Overall then, this vehicle for the Joker was a tad bit underwhelming. I can see why so many people like it, I just think that there were so many missed opportunities that Alan Moore could have explored further within the narrative. For me, it's best point is the artwork, which has pretty much guaranteed that I will look out for more of Brian Bolland's work. I would recommend this if you're just starting out in comics, as there isn't really much back-story you need to know beforehand that isn't already well-known by the general public. 3.5/5 

Next review: Frankenstein (1818 text) by Mary Shelley 

Signing off, 

Tuesday, 8 January 2013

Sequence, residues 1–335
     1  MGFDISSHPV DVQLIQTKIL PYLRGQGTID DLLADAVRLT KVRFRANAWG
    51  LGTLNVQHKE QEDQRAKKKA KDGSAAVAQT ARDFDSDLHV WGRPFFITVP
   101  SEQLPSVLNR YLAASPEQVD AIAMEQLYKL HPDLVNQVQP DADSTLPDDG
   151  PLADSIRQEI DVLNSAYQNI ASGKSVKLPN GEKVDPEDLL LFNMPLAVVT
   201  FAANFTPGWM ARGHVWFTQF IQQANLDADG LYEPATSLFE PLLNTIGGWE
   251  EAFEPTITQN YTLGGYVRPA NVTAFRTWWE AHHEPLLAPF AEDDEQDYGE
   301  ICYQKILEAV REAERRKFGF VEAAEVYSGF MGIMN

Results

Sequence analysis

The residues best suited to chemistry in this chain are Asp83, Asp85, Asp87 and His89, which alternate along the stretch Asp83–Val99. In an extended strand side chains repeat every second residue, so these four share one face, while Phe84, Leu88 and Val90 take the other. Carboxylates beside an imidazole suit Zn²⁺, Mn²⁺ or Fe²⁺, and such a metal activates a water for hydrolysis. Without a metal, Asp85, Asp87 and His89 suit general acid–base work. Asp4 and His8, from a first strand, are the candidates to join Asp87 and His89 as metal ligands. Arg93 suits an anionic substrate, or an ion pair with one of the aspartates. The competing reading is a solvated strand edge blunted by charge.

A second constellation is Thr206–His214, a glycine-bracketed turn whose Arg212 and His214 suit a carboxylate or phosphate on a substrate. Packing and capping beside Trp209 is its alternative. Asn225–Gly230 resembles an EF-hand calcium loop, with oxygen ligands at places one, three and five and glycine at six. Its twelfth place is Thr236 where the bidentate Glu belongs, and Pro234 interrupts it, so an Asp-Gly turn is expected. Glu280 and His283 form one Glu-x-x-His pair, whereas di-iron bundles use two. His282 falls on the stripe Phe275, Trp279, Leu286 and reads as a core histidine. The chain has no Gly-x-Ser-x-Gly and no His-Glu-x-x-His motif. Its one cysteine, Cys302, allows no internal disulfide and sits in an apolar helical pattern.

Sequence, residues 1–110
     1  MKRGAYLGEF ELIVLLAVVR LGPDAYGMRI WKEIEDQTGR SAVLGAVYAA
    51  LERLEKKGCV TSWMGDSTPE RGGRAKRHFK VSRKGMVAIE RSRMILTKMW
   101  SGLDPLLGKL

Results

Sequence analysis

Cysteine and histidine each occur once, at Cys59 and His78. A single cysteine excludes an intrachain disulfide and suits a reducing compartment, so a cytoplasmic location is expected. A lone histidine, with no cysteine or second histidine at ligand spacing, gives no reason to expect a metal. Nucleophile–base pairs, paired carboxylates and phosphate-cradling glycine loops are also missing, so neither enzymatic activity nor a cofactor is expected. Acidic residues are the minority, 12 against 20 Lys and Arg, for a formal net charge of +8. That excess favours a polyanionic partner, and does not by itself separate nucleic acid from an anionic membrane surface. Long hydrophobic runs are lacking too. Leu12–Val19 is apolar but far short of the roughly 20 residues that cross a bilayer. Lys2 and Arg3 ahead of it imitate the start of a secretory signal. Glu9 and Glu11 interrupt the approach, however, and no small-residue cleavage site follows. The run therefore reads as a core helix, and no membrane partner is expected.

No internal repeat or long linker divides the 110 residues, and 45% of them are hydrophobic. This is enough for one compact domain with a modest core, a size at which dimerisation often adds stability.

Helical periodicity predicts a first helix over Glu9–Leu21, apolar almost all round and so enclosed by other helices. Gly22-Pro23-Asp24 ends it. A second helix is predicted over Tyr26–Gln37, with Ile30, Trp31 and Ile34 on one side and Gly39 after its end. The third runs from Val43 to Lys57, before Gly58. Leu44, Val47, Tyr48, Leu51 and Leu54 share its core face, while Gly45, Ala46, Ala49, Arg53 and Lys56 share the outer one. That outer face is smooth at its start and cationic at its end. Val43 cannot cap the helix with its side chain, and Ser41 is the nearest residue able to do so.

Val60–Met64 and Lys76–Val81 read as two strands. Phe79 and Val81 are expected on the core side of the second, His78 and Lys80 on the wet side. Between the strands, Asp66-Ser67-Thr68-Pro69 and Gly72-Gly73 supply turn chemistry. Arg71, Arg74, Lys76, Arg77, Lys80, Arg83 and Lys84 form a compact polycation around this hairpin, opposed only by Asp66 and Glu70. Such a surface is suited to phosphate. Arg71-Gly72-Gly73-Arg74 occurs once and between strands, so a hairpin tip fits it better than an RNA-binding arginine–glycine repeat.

The Name of the Rose by Umberto Eco

This is going to be a tricky one to talk about. I would have gotten around to reading The Name of the Rose eventually, but university made it a more urgent read. I had heard of it before: when I first became a film fan, I looked up Sean Connery's back catologue, which included the film adaptation of this book; as such, I was aware that it was a murder mystery set in a medieval monastery. I think those preconceptions may have been slightly off.

The Name of the Rose follows two monks, a former inquisitor named William of Baskerville and his novice travelling partner Adso. Whilst travelling across Europe, they stop at a Benedictine monastery in order to participate in a theological dispute between the Spiritual Franciscans and representatives of the Pope of the time on the subject of poverty. Their visit is given extra purpose when the abbot asks for Brother William's assistance following the mysterious death of an illuminator.